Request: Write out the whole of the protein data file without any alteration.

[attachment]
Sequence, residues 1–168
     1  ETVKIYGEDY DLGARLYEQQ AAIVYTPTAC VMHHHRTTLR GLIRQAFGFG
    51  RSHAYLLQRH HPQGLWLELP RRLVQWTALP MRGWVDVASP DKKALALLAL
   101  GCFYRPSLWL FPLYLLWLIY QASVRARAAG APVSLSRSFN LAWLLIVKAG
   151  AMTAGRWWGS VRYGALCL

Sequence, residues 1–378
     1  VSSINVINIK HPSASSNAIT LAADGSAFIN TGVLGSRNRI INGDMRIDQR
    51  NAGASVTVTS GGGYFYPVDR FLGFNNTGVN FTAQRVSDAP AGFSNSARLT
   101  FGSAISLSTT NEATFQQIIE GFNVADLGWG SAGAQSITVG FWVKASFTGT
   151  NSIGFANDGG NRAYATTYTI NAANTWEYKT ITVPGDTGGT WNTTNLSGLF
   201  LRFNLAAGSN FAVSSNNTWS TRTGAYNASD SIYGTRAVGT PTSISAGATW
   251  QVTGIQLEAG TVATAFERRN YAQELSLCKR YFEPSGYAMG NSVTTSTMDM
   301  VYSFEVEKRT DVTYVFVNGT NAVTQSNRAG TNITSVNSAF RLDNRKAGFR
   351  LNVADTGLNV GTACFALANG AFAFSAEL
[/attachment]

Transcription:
Sequence, residues 1–168
     1  ETVKIYGEDY DLGARLYEQQ AAIVYTPTAC VMHHHRTTLR GLIRQAFGFG
    51  RSHAYLLQRH HPQGLWLELP RRLVQWTALP MRGWVDVASP DKKALALLAL
   101  GCFYRPSLWL FPLYLLWLIY QASVRARAAG APVSLSRSFN LAWLLIVKAG
   151  AMTAGRWWGS VRYGALCL

Sequence, residues 1–378
     1  VSSINVINIK HPSASSNAIT LAADGSAFIN TGVLGSRNRI INGDMRIDQR
    51  NAGASVTVTS GGGYFYPVDR FLGFNNTGVN FTAQRVSDAP AGFSNSARLT
   101  FGSAISLSTT NEATFQQIIE GFNVADLGWG SAGAQSITVG FWVKASFTGT
   151  NSIGFANDGG NRAYATTYTI NAANTWEYKT ITVPGDTGGT WNTTNLSGLF
   201  LRFNLAAGSN FAVSSNNTWS TRTGAYNASD SIYGTRAVGT PTSISAGATW
   251  QVTGIQLEAG TVATAFERRN YAQELSLCKR YFEPSGYAMG NSVTTSTMDM
   301  VYSFEVEKRT DVTYVFVNGT NAVTQSNRAG TNITSVNSAF RLDNRKAGFR
   351  LNVADTGLNV GTACFALANG AFAFSAEL